But the identities of 387 donors who gave the colorful and outspoken senator $100 or more for his campaign are a mystery, claims a report issued Tuesday by NYPIRG, a good government nonprofit.
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The report, titled "Malignant Neglect: The Abject Failure of the State's Campaign Finance Laws," found that Ball's failure to identify donors made him one of the worst violators of campaign finance rules in New York between January 2011 and January 2013.
The report paints a picture of politicians skirting campaign finance laws with ease, because the laws aren't enforced by weak state election officials. It found nearly 104,000 campaign finance violations throughout the Empire State in those two years.
"In Albany, it is unfortunately the worst of times for voters longing for ethical and transparent government driven by a functioning electoral system," the report says.
Ball's campaign listed partial information for 25 donors, such as only their home states, the report alleges. For another 362 donors, his campaign provided the state Board of Elections with little or no information, other than a name. Some donors gave as much as $5,000.
"By failing to disclose their addresses, his committee obfuscates any attempts to determine who funded his campaign," the report states.
Ball also didn't disclose the identities of 995 entities that received campaign expenditures of more than $50, as required by law, NYPIRG claims. That's nearly 67 percent of the total he spent over his two elections, the report states. He also failed to include other required information for 489 expenditures.
The senator's communications director, Joe Bachmeier, issued a statement saying Ball would correct the errors.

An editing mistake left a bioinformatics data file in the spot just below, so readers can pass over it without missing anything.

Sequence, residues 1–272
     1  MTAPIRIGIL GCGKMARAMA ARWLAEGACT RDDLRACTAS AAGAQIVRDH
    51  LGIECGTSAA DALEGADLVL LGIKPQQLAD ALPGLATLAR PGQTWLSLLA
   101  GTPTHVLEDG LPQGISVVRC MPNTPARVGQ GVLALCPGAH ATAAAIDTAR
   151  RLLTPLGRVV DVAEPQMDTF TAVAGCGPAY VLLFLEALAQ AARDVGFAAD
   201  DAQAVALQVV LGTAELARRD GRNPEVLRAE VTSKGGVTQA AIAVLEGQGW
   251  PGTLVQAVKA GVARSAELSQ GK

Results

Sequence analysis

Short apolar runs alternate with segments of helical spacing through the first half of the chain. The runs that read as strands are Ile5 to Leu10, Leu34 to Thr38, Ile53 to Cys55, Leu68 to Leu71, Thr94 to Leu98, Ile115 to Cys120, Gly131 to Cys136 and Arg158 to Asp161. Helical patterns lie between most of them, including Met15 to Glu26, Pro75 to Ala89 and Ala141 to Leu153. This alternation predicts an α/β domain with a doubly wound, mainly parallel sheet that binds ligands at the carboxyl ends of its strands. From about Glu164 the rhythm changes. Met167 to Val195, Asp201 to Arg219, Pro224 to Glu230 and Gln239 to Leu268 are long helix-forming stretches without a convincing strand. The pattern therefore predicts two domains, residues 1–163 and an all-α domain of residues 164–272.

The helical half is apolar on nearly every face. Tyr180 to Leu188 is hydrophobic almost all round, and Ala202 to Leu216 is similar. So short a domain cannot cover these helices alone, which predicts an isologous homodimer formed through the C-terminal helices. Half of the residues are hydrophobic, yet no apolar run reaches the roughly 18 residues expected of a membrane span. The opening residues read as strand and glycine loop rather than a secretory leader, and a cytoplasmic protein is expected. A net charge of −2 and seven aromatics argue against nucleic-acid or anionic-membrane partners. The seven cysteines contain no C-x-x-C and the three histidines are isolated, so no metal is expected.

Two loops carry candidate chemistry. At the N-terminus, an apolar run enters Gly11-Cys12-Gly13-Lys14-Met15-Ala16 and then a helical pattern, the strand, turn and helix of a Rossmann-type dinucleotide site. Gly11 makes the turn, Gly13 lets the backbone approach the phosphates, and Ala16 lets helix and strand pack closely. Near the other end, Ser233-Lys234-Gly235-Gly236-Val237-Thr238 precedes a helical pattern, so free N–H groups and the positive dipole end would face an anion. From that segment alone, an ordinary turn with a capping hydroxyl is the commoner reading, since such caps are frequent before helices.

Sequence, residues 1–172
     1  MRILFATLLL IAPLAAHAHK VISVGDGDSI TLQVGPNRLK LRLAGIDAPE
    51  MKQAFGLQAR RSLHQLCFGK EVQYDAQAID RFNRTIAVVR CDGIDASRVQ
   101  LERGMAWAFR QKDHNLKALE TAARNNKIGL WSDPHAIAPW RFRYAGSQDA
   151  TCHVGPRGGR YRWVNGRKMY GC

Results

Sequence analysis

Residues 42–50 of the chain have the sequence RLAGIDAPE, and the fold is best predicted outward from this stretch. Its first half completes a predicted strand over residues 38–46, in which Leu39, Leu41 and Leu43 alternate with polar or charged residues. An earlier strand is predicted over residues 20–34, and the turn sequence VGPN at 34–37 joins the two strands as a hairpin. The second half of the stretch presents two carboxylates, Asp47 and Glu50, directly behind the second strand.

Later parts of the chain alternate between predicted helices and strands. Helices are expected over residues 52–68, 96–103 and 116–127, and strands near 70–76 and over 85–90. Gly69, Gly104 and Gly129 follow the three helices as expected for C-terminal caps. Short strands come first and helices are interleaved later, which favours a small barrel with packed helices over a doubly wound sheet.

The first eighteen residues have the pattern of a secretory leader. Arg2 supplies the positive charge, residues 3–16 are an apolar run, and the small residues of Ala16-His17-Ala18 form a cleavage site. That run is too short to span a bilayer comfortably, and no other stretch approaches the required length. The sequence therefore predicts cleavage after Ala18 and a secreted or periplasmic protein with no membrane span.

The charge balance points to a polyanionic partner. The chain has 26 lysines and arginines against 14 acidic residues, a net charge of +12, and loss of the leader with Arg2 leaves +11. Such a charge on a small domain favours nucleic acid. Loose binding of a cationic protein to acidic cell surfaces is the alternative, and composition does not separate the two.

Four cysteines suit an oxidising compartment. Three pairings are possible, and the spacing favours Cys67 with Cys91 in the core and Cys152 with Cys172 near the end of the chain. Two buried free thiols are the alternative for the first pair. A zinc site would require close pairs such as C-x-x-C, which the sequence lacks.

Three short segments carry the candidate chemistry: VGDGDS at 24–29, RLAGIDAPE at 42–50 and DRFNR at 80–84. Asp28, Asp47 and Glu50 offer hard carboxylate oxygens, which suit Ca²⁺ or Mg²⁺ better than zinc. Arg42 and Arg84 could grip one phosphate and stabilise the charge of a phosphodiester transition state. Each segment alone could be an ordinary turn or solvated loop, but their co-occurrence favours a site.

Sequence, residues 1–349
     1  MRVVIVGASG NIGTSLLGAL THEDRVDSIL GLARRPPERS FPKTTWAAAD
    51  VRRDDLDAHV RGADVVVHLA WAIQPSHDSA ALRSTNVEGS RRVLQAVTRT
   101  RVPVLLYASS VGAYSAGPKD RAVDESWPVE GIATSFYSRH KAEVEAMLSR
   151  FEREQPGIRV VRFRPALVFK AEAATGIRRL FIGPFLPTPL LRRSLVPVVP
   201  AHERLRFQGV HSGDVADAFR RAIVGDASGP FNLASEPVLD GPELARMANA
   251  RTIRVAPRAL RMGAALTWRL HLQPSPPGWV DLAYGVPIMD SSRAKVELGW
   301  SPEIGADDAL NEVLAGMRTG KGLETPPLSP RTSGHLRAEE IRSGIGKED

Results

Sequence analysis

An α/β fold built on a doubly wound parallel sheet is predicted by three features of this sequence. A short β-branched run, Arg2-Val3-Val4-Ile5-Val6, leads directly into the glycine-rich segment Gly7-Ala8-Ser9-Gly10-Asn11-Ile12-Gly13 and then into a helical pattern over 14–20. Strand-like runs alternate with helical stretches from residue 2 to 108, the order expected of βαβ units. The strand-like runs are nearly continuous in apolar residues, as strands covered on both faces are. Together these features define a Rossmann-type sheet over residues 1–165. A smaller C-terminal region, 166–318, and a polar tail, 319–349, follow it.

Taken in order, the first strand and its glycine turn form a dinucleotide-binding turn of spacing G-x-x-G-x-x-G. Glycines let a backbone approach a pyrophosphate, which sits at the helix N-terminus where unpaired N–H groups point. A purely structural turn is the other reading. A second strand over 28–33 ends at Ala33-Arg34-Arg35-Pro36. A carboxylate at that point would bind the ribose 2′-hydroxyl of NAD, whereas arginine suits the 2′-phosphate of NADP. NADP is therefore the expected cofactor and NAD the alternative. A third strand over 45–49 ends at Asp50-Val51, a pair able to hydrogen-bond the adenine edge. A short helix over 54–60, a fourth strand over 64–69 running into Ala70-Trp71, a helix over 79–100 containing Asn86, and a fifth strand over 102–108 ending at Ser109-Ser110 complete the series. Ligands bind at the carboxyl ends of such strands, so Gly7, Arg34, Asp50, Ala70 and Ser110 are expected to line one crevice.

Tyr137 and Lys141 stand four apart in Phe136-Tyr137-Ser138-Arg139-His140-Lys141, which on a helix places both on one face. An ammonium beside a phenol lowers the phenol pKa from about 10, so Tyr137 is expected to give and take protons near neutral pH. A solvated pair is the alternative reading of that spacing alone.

"We will provide all the information necessary and are glad that NYPIRG has brought it to our attention," said Bachmeier.
Other Hudson Valley politicians were also named in NYPIRG's report.
Mount Vernon Mayor Ernie Davis was also among the worst violators in regard to missing information on campaign expenses, with information missing for 479 recipients of campaign cash. So was Justin Wagner, Ball's Democratic challenger last year, with 379 omissions.
Wagner declined to comment.
Davis said he was unaware of the violations, but added that alleged errors in his financial documents probably weren't unique.
"I don't know anything about it," he said. "I'm sure whatever happens in this campaign happens in every other campaigns."
Greenburgh Supervisor Paul Feiner failed to report the dates of 112 donations, the report alleges. He said he would gladly provide information on the dates if he can obtain the information.
"I will have someone look at my records and provide the info," he said. "This is the first time anyone complained to me about this. I also think that NYPIRG should have advised me of any inaccurate reporting. Compliance is very important."
Lastly, two political action committees established to defeat Ball -- Truth about Ball and Recall Ball -- did not file information with the state of Board of Elections since 2008. Together, they last possessed $250,000, according to their most recent filings.
The report acknowledges that missing dates, names and addresses might not seem significant. But many omissions can add up to conceal worse offenses, the report argues.
"The failure of a candidate to provide the address of a vendor they paid is not ipso facto evidence of corruption," the report says. "However, these omissions -- in such huge quantities -- can prevent auditors or members of the public from uncovering more serious violations of the law."
Gov. Andrew M. Cuomo released a statement saying the NYPIRG study was evidence that lawmakers should devote more attention to his proposals to clean up political fundraising, including public campaign financing, tougher enforcement and other measures.
"The buildup of over 100,000 campaign finance violations over the last two years is unacceptable, and a clear sign that the current self-policing system at the Board of Elections does not work," the governor's statement said.